Clearly, the Boy Scouts of America are no longer neo-Nazis, nor does the organization have the explicitly pseudo military overtones of the past. But many of Baden-Powell's original ideas remain. The scout's "duty to God" is defined, even now, by the most narrow of moralities. The injunction to be "pure in thought, word, and deed" reflects Baden-Powell's repressive views of sexuality; he was obsessed with stopping scouts from masturbating and believed that the only legitimate sex act was reproductive heterosexual intercourse within marriage.

Such views are still at the heart of the BSA's stand against homosexuality. In its 1990 letter expelling Dale from the organization, the BSA claimed he had "violated a provision of the Scout Oath to remain `morally straight' and a mandate under scout law that members remain `clean.' " Simply put, the Boy Scouts are about manufacturing "real men," and homosexuals are not real men by their definition.

But if the code words morally straight and clean reinforce stifling traditions of masculinity, those traditions are accepted by fewer and fewer people. Indeed, the court's challenge to the BSA's antigay stance -- on the surface, strictly an issue of homosexual rights -- is emblematic of a much larger cultural battle over how society defines manhood. While couched in the legal terms of "public accommodation" and "discrimination," the Appellate Court's ruling is a challenge to the Boy Scouts' formula for shaping men.

The opinion also contests the prevalent misconception that gay men are a menace to children. The lower court that upheld the BSA's gay ban unfairly raised "the sinister and unspoken fear that gay scout leaders will somehow cause physical or emotional injury to the scouts," it said, adding that these notions are "predicated on stereotypical generalizations, rather than fact, [and] cannot be employed as `shorthand measures' in place of legitimate factors justifying First Amendment protection."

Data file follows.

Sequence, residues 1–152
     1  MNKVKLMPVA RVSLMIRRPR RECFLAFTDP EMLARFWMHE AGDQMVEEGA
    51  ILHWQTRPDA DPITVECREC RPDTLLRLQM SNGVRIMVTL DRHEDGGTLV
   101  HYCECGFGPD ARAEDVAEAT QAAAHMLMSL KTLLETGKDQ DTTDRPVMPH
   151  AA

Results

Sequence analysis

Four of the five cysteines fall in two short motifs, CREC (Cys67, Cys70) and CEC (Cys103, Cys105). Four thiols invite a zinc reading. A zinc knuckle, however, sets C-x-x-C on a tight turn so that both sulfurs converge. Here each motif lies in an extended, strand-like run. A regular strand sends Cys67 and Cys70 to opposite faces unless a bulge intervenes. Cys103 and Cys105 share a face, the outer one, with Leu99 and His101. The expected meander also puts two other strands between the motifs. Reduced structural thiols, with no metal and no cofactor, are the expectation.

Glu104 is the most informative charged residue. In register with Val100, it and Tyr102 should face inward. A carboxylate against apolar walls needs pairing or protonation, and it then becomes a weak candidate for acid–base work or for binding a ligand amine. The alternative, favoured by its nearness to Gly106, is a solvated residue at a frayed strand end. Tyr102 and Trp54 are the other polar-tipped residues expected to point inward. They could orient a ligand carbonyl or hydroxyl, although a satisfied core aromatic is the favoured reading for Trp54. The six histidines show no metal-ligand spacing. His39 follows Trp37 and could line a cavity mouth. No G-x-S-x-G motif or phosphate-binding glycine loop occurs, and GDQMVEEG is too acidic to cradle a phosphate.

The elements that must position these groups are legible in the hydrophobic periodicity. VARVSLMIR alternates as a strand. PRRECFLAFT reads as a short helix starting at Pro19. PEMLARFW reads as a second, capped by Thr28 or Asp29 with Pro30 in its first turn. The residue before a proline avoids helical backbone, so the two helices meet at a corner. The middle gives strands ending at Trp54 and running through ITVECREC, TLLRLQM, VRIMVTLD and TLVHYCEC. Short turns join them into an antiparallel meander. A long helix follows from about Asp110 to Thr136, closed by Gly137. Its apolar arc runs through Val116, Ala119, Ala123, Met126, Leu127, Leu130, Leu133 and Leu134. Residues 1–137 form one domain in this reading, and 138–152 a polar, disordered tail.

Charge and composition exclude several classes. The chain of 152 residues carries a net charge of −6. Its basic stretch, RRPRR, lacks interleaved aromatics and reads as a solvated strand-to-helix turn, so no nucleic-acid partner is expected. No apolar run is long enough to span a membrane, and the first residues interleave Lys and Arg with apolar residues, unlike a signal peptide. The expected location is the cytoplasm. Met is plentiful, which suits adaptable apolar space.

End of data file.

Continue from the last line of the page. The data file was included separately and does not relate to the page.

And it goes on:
The charge of child molestation is intrinsic to how homophobia is constructed in our society, and any challenge to it is welcome and necessary. Ironically, it's a charge that has been leveled more frequently since gay people have begun struggling for basic civil rights, and one that Lord Baden-Powell never had to face in his own lifetime.

In its final paragraphs, the ruling from the appellate judges articulates an irony that explodes the BSA's unconscionable hypocrisy: "In our view, there is a patent inconsistency in the notion that a gay scout leader who keeps his `secret' hidden may remain in scouting and the one who adheres to scout laws by being honest and courageous enough to declare his homosexuality must be expelled."

Baden-Powell's character factory -- with its corrupt notions of what it means to be moral, truthful, and honest -- is finally shutting down. The BSA's demand to continue defining manhood in its own terms is a last-ditch effort to preserve and promote ugly, outdated values. In years to come it will seem -- as Baden-Powell's attraction to the Hitler Youth and Mein Kampf already do -- simply repulsive.


Michael Bronski's The Pleasure Principle: Sex, Backlash, and the Struggle for Gay Freedom will be published by St. Martin's Press this fall. He can be reached at mabronski@aol.com.